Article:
Personally I never create something in full in advance the first time I launch something.
And the reason I say that is because if you spend all of your time creating a big huge course, making absolutely everything perfect, and then you launch it and realise 2 weeks in that you have to change your content you’ve wasted a LOT of time.
There is no point in spending all that time creating something that could change.
So the first time you launch something you could let people know that this is the first time you’ve ran this course and you’ll be creating the product as you go.
You might think that your customers would be annoyed with that, but the truth is, if you’re honest and transparent about the fact that you’re doing this for the first time they really won’t mind!
There are lots of benefits for them…
- They get to be involved with a product that is being created, and that is an exciting process!
- They get to shape the product and make it however they need it.
- And how about they get a massive discount for joining your very first round of your course!
As well as access to the final finished product?
Not quite such a bad thing now is it?!
When you do this, and then deliver on the product you’re going to have an amazing satisfaction rate. Your customers are going to love you, and they’ll become your most loyal brand ambassadors.
And, you’ve not spent a year creating a course that you didn’t need to.
The whole point of doing a beta course like this is to test your idea.
You could be halfway through delivering the product to your customers that you realise that things need to change.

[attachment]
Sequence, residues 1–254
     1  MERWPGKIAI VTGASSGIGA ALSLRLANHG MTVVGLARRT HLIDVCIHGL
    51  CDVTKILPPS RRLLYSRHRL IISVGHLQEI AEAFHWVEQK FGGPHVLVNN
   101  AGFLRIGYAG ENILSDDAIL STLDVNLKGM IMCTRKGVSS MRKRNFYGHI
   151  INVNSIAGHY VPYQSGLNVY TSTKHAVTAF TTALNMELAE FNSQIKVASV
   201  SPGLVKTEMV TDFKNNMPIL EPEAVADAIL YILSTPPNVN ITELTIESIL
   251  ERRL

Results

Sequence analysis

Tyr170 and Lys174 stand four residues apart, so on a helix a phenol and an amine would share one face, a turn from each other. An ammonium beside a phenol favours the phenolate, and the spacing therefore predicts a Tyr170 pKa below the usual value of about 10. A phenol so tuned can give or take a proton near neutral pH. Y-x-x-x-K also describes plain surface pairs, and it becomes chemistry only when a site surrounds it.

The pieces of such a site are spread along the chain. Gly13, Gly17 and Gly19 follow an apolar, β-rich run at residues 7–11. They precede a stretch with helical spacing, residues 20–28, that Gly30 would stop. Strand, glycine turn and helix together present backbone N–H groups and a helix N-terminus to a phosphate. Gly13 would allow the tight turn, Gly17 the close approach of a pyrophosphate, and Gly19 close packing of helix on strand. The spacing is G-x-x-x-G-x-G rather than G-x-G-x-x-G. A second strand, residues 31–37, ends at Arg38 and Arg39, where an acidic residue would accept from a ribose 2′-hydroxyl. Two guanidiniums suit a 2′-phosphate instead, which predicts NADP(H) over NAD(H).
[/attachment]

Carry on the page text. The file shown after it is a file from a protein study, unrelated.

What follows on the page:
Therefore having flexibility, through being honest and transparent about it from the outset, means that your customers are going to be far more understanding about changes… in fact, they’d be expecting it.
You can still be well prepared by creating a good portion of your product in advance, and then creating the rest once you start to see how your customer is responding to the product.
By creating as you go if you realise something does need to change to help your product deliver on its promise you can add bonus content to achieve this.
For example if you create a landing page design course and you realise that most people don’t even have a logo and they’re struggling to get their page created as a result of that and therefore can’t complete the course… how about giving them a logo design course as a bonus?
One thing I always do during my courses is add in feedback loops throughout by adding “course check ins” at the beginning and end of each module to
- Assess where someone is at right now and understand their benchmarks.
- Review where someone got to and whether they achieved what you intended.
This will help you to assess on a smaller level whether you are delivering results and its a nice way for your customers to monitor their own progress.
If you can deliver small wins throughout the course of the use of your product, you’re going to have very happy customers (and a lower refund rate).
This feedback, whether good, bad or terrible will help you create amazing products and serve your customers far better so make sure you use it!
Finally, when you create a course based on what your customer needs rather than what you think you need to include – you’re going to be far less inclined to aim for unnecessary perfection.
Get it launched and perfect as you go.
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